2. Explain that Hiroshige also created a series of prints showing scenes in Edo. This series was called One Hundred Famous Views of Edo and actually included 118 prints. Show Quote 2 on Transparency Master T1 and conduct a discussion of the points made in the quotation on the transparency. Some questions to guide discussion are provided below:
    • According to the quote, who held economic power? (The wealthy townspeople.) Is this similar to or different from what we know about Japan in earlier periods? (Different; in previous eras, merchants and tradesmen were not wealthy nor were they powerful.)
    • How was the new urban culture reflected in the activities of the people? (They went to festivals, the theater, and pleasure quarters; they purchased art.)
    • Why were woodblock prints so popular? (They were beautiful but also quite inexpensive; they also reflected popular aspects of the lively urban society.)
    • Why are the prints of Hiroshige a good source for examining the Tokugawa period? (They document what Edo looked like and what went on there at the end of the period; they also show travel, which was important in the period.)
  3. Explain that students will be viewing nine woodblock prints by Ando Hiroshige as visual evidence of the period. Students will be looking at prints from both the Tōkaidō Road (Set A) and Edo (Set B) series to gather information that supports the two quotes from the transparency master. Distribute Handout T1 and instruct students to make notes of what they see in the images as you project them to the class. Be sure students understand that they should fill in only the center column in the chart during the viewing. Using the downloaded images from the sites listed above, show students the nine images. (Suggested answers can be found in the Answer Keys.) After students have completed their charts, show each image again, asking students to report what they have documented. You may use the notes in the Teacher Background Information to enhance or clarify students’ observations.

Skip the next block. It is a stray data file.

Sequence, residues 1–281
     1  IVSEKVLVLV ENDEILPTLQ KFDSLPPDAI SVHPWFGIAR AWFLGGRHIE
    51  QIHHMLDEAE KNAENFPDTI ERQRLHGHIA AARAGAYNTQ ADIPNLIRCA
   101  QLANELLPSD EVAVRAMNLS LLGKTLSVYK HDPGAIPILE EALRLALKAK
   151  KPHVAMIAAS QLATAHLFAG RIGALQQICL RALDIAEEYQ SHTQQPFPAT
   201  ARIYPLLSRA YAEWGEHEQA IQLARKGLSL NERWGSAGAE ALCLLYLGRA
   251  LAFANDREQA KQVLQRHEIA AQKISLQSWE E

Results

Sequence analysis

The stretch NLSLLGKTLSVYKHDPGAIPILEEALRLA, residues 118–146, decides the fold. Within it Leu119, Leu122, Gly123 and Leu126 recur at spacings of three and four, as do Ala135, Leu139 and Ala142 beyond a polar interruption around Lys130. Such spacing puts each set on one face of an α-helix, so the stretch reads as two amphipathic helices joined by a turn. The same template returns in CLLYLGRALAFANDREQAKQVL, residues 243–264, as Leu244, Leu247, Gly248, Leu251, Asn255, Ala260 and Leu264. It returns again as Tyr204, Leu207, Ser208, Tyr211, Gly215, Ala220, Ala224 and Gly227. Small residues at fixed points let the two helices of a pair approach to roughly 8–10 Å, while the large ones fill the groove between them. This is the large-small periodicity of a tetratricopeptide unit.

4. Ask students to consider the evidence they have seen in Hiroshige’s prints in light of the two quotes on the transparency master. That is, what did they observe in the prints that provided support for the quotes? How did the prints expand their understanding of the quotes? They should write their interpretation of the evidence from the prints in the righthand column on Handout T1. When students have finished writing, ask a few students to report their interpretations. (Sample answers are provided in the Answer Keys.) As a large group, ask the class if a consensus about the period emerges from their statements.